Last modified on April 30th, 2020 at 6:48 am
Today marks the 40th anniversary of the passing of Bruce Lee. This is certainly a weird experience for me, Bruce Lee was a monument of legendary proportions to me when I was growing up, a serious inspiration to me on so many different levels. I was born just a few short years after his passing, and his influence on me was strongly by way of his influence on my father who introduced me to Bruce Lee when I was very young.
On the obvious tip, Bruce Lee inspired me to study martial arts. He wasn’t alone, of course, my father was a champion level wrestler and my grandfather was a boxing trainer who trained under the great Cus D’Amato. It was natural I’d get into martial arts at some point and I began training in boxing when I was 12.
What Bruce Lee opened up to me, more than anything, was the Zen that goes along with martial arts practice, as well as opening up philosophical thought at all. Reading his books and watching interviews of him was amazing to me as a young kid of 11 or 12, and opened me up to asking critical questions and exploring layers of thought well outside of my immediate influencers. This was a major thing for a kid growing up in a small town in the middle of the Rust Belt, USA.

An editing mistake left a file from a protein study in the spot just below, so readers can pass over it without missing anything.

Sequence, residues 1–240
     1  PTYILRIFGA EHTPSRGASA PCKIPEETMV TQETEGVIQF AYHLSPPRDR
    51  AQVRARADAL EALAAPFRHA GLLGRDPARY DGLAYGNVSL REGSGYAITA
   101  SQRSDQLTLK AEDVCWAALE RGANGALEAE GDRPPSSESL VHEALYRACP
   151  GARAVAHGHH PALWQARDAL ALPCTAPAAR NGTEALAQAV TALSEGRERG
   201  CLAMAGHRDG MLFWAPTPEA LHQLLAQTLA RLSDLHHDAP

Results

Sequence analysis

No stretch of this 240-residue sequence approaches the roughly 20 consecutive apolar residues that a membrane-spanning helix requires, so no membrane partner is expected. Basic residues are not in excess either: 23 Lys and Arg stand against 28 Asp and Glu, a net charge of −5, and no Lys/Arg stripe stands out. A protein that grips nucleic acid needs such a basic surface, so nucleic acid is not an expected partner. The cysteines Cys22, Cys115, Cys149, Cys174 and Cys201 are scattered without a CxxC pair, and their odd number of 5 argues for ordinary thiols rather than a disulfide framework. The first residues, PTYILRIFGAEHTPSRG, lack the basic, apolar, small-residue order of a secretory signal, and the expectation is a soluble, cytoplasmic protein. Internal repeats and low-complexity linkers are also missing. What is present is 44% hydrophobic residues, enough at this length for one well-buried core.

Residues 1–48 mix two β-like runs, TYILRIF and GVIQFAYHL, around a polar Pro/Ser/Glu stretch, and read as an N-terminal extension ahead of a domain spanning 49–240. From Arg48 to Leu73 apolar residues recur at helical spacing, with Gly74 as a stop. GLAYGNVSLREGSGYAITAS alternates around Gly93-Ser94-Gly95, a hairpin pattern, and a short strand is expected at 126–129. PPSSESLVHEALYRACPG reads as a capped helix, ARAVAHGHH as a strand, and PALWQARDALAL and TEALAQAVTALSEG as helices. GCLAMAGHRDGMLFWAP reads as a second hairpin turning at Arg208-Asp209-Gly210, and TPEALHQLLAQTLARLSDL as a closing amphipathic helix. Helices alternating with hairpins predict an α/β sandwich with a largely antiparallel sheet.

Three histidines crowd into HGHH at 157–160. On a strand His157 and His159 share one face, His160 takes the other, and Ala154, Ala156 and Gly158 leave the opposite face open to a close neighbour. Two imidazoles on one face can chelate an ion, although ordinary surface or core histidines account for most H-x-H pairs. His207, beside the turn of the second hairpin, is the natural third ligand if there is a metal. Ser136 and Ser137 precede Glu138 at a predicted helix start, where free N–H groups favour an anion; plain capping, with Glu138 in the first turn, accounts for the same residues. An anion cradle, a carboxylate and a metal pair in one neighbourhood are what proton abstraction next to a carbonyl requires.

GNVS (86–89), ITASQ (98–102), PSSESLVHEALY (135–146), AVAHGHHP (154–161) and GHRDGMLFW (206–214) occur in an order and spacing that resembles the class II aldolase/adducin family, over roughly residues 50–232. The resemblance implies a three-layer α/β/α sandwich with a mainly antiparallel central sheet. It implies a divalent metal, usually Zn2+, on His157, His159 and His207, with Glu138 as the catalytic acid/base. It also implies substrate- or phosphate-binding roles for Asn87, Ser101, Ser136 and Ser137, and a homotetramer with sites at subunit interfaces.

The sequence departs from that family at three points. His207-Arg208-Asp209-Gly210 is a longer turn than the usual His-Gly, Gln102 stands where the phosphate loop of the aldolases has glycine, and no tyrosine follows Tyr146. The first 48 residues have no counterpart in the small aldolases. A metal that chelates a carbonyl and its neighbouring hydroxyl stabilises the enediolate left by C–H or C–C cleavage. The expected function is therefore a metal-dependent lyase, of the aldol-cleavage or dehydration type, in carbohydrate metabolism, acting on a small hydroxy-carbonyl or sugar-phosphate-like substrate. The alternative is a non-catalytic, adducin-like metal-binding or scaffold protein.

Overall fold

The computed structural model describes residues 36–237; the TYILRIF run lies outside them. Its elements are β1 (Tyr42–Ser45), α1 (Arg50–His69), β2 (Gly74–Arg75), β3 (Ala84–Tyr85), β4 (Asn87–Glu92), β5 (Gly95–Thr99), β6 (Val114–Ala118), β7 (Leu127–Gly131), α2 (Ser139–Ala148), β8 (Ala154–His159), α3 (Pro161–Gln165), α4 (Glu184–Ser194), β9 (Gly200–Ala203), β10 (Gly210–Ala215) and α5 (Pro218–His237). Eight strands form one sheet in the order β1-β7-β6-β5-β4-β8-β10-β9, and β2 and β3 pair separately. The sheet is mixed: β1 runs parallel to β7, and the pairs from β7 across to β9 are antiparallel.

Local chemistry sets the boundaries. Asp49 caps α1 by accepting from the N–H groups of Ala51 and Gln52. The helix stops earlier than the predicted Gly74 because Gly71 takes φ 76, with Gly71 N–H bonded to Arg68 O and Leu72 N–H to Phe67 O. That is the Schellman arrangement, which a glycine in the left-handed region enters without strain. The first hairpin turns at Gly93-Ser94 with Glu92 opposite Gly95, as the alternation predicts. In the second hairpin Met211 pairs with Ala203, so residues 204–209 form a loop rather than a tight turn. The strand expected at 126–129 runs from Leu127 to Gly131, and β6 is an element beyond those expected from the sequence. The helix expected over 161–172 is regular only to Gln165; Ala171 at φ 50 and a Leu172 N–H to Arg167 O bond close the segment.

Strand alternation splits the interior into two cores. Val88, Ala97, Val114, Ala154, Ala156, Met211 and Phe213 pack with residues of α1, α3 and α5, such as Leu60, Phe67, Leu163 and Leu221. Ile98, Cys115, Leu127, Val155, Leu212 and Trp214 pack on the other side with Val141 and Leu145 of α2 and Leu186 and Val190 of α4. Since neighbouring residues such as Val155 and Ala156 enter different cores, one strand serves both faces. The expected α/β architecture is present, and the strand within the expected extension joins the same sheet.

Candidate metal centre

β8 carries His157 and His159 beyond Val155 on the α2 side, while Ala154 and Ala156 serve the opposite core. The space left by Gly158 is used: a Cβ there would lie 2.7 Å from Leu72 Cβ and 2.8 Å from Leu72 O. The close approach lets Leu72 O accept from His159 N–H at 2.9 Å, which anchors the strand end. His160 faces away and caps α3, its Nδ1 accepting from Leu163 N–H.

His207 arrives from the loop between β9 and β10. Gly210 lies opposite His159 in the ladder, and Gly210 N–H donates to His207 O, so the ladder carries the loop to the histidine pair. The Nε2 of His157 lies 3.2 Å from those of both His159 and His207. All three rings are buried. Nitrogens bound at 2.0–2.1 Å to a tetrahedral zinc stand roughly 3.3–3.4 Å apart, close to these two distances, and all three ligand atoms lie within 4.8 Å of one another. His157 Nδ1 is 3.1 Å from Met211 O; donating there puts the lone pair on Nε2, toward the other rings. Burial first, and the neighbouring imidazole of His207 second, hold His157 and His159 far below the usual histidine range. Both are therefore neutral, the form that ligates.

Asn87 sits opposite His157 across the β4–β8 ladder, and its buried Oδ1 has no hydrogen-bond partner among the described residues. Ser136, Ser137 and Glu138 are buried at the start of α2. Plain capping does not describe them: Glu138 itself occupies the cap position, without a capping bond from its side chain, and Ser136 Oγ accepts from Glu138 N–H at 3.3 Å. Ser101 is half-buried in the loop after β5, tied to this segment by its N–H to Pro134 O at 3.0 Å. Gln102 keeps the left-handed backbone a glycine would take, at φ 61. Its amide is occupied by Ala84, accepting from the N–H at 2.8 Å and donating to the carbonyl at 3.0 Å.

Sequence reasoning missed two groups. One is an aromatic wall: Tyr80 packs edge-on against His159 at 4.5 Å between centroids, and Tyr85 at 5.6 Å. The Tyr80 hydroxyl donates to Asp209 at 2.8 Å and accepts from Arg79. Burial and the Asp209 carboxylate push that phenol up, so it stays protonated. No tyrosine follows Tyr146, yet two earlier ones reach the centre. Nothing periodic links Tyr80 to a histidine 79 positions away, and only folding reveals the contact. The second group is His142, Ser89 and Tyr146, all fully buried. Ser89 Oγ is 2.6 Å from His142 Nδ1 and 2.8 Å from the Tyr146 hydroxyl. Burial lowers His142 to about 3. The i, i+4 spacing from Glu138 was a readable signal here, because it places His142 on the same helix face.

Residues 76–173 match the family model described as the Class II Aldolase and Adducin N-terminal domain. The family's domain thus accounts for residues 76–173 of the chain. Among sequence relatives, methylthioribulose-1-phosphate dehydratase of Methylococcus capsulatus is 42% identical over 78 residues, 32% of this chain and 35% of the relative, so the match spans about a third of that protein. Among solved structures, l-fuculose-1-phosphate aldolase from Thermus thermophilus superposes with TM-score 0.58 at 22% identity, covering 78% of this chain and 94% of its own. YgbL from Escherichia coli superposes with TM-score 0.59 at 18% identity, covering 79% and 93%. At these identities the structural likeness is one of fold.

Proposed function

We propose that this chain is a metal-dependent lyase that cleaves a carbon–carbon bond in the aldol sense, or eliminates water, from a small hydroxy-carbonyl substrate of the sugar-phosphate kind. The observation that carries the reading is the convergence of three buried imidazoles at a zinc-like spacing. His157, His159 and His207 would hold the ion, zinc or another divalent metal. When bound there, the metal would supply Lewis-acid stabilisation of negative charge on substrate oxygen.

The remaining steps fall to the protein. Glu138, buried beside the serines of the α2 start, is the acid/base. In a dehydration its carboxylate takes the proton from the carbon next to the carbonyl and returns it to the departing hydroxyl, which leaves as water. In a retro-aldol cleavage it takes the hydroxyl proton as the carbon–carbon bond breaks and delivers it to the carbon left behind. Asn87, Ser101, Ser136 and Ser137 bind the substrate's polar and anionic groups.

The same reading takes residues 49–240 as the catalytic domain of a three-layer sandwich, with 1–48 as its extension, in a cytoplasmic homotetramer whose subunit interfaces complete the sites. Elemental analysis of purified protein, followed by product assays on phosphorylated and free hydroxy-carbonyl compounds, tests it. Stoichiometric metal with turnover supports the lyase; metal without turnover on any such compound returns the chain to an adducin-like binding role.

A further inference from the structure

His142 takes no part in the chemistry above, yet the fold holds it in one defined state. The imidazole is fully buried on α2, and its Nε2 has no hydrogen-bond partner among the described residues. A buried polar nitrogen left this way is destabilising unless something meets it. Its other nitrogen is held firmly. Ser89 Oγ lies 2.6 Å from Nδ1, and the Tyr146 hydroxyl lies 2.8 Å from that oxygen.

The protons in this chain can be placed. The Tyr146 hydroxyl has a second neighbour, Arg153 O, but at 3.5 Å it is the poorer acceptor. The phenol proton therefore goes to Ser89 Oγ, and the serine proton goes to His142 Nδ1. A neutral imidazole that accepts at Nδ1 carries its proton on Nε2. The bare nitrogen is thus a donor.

When my boxing career came to an end in my later teenage years, I began looking for a martial arts school. Fully familiar with Bruce’s training history, I was very particular about trying to find a Wing Chun teacher, and if not Wing Chun, some variety of Chinese kung fu. Fort Wayne, Indiana had no options. I spent some time going to the local karate classes, I tried Tang Soo Do and Taekwondo. I simply was not finding what I was looking for and gave up looking.
A few years later I moved to Detroit. I joined a few local music scene related mailing lists. On one of those lists, a guy who also had recently moved to the Detroit area was talking about doing some kung fu training. Turned out he was teaching a branch of Wing Chun that came directly from Yip Man, the same teacher who introduced Bruce Lee to Wing Chun. I picked up training with him in 2002, and have been with it off and on since. What started as a training group has turned into a full fledged school with multiple locations.
I owe a great deal of my early personal development to Bruce. And its been a weird month, too, as his “Enter the Dragon” co-star Jim Kelly passed earlier, and of course, it is also the 40th anniversary of the release of “Enter the Dragon”
Jackie Chan on Bruce
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